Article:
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Information Leaked to Influence Courts?

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Information Leaked to Influence Courts?

Glitnir

Glitnir Bank. Photo: Páll Kjartansson.

The head of the Association of Icelandic Judges believes information regarding the stock ownership of Supreme Court judges must have been leaked to the media in order to influence the operation of the courts, and possibly to increase the likelihood of cases being retried. He stresses the importance of having Supreme Court judges explain their actions.

The RÚV news analysis program Kastljós revealed last night that six Supreme Court judges traded shares in the country’s banks, mainly Glitnir bank, before the 2008 banking collapse. It was suggested in the program that a Committee on Judicial Work may not have received the judges’ notifications about possessing those shares, although that remains unclear.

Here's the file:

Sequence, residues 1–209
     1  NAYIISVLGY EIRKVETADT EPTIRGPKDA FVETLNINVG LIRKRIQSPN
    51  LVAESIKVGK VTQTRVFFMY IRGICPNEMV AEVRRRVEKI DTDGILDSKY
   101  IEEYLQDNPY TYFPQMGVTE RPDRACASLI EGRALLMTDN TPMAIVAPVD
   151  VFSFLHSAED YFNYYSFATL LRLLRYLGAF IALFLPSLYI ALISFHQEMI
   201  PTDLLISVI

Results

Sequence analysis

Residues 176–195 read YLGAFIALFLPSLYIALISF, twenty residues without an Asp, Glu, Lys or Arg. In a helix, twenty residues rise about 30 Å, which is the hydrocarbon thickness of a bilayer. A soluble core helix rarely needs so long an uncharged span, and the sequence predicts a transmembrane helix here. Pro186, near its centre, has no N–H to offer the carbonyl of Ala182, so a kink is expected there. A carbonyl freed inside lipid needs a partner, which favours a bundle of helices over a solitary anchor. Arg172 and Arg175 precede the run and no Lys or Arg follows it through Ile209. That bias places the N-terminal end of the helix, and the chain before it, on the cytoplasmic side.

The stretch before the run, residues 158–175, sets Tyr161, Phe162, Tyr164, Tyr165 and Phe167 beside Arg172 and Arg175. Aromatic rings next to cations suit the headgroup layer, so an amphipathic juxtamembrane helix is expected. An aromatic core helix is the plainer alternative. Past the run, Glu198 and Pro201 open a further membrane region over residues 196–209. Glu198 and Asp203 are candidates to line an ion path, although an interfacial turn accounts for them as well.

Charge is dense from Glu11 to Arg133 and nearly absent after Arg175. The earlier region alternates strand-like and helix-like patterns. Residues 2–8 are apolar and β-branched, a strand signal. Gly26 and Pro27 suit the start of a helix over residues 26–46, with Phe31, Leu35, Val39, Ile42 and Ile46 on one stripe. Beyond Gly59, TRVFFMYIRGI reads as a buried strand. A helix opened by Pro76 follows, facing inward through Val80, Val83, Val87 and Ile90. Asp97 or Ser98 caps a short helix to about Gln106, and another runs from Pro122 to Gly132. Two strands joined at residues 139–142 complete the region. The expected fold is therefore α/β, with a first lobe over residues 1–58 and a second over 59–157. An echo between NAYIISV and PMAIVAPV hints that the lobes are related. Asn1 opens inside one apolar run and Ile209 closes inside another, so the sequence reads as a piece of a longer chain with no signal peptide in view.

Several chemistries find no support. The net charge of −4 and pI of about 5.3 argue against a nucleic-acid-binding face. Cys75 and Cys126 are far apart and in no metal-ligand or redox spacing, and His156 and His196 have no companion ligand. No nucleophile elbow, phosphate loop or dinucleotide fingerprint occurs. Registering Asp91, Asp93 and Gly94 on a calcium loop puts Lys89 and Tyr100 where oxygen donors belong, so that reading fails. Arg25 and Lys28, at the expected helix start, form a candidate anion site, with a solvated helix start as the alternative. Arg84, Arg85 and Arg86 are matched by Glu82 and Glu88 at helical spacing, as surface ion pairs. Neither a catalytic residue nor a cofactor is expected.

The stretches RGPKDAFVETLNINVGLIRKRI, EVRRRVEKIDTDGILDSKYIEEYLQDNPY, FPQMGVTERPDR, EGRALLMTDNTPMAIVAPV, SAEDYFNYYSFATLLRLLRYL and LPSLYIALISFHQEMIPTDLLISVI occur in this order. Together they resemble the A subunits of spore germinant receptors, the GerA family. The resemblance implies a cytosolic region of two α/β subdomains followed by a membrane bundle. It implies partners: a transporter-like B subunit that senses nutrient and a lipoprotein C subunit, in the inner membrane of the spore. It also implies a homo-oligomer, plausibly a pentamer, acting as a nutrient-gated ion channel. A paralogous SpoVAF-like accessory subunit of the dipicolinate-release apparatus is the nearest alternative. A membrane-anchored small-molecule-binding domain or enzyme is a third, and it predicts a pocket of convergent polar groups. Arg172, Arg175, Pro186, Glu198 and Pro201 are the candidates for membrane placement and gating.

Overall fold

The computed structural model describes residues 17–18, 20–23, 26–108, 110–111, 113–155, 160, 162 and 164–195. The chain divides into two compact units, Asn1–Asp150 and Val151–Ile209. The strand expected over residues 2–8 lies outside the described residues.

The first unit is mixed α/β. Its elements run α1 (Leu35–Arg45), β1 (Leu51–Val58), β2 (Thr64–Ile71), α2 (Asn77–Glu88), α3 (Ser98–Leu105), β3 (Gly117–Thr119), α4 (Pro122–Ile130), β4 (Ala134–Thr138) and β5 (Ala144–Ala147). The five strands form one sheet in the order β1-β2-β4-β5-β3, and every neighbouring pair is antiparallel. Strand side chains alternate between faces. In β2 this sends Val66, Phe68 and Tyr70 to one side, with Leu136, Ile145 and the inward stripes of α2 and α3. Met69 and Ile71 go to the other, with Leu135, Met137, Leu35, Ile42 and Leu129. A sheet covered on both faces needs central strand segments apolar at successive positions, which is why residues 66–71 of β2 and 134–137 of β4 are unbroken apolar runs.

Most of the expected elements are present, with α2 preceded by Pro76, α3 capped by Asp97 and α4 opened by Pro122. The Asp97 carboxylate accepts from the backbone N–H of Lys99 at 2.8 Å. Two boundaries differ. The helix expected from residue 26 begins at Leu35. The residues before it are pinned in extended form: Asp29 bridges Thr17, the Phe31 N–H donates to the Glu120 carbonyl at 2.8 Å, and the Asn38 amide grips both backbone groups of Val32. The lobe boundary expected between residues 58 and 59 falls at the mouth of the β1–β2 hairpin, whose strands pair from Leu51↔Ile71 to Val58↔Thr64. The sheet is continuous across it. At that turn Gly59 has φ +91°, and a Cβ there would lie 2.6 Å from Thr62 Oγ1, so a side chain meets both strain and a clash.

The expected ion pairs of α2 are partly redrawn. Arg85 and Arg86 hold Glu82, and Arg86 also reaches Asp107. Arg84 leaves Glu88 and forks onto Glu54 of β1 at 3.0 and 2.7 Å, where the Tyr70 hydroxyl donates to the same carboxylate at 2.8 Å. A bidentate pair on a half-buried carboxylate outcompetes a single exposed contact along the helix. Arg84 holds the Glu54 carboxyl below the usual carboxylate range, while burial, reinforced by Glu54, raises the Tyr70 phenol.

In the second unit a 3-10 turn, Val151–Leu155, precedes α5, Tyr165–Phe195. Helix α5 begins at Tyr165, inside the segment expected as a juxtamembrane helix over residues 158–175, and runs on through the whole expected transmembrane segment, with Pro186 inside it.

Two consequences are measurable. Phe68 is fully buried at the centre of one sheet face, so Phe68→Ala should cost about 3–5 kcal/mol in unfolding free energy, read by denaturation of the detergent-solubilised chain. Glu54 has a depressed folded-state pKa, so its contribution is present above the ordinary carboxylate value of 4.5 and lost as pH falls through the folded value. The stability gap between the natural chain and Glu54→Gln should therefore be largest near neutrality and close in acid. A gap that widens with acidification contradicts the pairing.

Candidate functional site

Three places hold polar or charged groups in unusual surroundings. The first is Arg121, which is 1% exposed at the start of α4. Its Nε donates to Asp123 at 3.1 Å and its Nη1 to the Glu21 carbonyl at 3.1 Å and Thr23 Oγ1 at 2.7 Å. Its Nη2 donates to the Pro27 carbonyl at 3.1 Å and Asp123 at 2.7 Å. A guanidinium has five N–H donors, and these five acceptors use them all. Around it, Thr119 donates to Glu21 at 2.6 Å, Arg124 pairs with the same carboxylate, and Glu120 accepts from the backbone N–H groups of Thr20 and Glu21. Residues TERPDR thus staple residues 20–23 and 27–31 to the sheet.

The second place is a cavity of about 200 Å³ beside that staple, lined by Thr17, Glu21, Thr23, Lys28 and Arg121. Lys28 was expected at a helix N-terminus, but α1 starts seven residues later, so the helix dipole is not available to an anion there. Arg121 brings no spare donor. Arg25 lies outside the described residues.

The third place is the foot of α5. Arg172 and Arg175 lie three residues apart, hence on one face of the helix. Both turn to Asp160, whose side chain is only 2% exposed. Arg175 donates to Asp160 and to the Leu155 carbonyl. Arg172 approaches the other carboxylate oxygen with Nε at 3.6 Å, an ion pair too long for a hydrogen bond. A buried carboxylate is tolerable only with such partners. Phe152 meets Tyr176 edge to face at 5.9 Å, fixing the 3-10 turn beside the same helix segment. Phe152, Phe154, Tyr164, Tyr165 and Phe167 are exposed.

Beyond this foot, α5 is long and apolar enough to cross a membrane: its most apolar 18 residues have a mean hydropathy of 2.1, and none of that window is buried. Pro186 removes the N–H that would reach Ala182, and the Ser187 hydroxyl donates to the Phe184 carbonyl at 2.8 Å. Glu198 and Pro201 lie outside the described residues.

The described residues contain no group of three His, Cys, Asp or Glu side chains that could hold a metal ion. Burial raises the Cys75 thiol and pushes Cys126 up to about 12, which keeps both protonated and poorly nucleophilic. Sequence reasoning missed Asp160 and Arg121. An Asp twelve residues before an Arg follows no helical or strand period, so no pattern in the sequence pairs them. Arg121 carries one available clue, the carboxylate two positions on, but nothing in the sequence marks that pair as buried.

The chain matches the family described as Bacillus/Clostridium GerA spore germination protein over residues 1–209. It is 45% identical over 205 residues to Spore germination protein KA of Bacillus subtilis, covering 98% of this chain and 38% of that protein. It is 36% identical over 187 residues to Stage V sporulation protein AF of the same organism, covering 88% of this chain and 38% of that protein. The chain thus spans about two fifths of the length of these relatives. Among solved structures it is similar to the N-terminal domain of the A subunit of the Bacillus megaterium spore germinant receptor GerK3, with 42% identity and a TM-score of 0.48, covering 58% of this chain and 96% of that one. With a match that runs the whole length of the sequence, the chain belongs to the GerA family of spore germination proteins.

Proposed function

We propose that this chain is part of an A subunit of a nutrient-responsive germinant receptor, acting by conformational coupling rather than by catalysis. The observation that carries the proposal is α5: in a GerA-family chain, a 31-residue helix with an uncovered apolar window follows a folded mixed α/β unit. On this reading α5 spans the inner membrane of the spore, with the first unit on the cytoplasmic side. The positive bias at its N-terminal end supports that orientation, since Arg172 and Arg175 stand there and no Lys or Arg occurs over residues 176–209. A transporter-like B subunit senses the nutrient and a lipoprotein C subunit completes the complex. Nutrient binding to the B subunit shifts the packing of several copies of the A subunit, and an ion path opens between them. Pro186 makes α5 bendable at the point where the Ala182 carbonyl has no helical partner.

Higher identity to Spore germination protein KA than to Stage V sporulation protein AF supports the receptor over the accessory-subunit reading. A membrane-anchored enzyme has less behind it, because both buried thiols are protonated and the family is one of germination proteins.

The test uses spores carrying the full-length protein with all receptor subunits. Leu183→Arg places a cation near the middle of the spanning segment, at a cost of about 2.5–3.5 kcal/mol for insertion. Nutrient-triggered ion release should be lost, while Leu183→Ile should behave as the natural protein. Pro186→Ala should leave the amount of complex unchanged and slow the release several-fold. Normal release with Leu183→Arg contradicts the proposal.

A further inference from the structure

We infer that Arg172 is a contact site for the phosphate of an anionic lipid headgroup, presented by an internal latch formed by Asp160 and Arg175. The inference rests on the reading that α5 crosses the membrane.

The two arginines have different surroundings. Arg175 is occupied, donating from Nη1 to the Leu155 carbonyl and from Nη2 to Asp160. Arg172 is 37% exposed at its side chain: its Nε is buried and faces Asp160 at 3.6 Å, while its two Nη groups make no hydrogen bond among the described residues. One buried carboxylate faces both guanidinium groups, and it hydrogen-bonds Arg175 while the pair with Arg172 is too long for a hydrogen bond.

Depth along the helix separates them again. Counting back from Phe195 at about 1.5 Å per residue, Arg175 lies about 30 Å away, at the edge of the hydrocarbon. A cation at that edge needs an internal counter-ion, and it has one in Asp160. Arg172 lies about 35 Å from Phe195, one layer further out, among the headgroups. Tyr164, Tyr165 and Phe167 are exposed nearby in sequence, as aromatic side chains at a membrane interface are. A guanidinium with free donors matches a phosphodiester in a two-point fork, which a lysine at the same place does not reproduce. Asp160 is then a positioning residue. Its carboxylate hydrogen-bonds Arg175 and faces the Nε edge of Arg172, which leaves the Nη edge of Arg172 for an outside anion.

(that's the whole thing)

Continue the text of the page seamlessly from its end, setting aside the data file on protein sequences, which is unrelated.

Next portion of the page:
The people who are currently on the Committee on Judicial Work are unaware of the judges having reported their investments, although the judge who presides over the Supreme Court insists he did notify the committee when he inherited the shares in question. Skúli Magnússon, head of the Association of Icelandic Judges remarked, “Of course, it is a very serious issue if a public institution doesn’t keep a record of legally required notices it receives. I can’t say it any other way.”

Skúli is not of the opinion that owning the shares disqualified the judges from judging in cases connected to the banking collapse. On the other hand, he admits that the coverage is unfortunate for the image of the court system. “Clearly,” he stated, “information was leaked to the media in an effort to influence the work of the courts and possibly to open the possibility of having these cases retried.”

He added, “ What we must wait for now is that those judges, who have a role in this, simply step forward and explain to both their colleagues, judges and society whether they reported [those investments] or not. Then, whether they were disqualified to judge in individual cases or not, that’s another matter that needs to be examined case by case.”

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